Work in teams describes a group of people engaged in coping with a common task to reach a common goal. It is the work-sharing processing of tasks by several people, who organise their cooperation independently to a great extent. Ideally, a team consists of people whose skills complement each other.
Can be digital and non-digital. For digital, e.g. WiKi, Etherpad.
Work in teams or teamwork is widely used in all kinds of scenarios, from simple to very complex. One very common scenario is project based learning, e.g. organizing a conference to present their theses for the specific course at the end of the BA/Master programme: the students have to divide themselves into groups according to the different tasks they set for successfully organizing such an event, e.g. “programme planning”, “invitation”, “financial aid” etc. They then do their work and time management in their respective groups while regularly being on exchange with the other groups. At the end, all groups come together to hold the conference.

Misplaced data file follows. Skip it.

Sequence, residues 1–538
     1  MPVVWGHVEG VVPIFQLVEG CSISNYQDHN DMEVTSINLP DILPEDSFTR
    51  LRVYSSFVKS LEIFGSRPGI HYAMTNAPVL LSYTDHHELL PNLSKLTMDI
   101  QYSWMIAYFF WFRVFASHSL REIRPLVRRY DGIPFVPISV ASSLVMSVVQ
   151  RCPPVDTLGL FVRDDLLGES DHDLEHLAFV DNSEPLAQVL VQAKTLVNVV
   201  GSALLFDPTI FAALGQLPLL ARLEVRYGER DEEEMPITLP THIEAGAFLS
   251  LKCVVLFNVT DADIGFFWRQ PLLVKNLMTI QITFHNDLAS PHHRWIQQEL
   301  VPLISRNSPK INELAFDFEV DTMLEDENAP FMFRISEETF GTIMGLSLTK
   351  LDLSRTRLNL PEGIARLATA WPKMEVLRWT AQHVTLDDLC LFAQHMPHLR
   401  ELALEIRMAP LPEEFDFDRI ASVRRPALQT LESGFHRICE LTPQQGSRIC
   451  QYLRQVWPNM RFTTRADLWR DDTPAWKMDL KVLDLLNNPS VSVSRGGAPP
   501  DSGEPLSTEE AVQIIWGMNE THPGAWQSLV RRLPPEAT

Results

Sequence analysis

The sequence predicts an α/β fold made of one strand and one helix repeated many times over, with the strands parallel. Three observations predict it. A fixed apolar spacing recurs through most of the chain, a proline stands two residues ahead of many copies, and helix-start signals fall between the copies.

Besides the direct assessment, mostly in the form of feedback within the team, different methods can be chosen, e.g.:
- (formal/digitally supported) Peer-review
Tsay, M., & Brady, M. (2010). A case study of cooperative learning and communication pedagogy: Does working in teams make a difference?. Journal of the Scholarship of Teaching and Learning, 78-89.
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eLene4Life supports curriculum innovation in higher education (HE) through the development of active learning approaches for transversal skills, with the ultimate aim of improving students’ employability.
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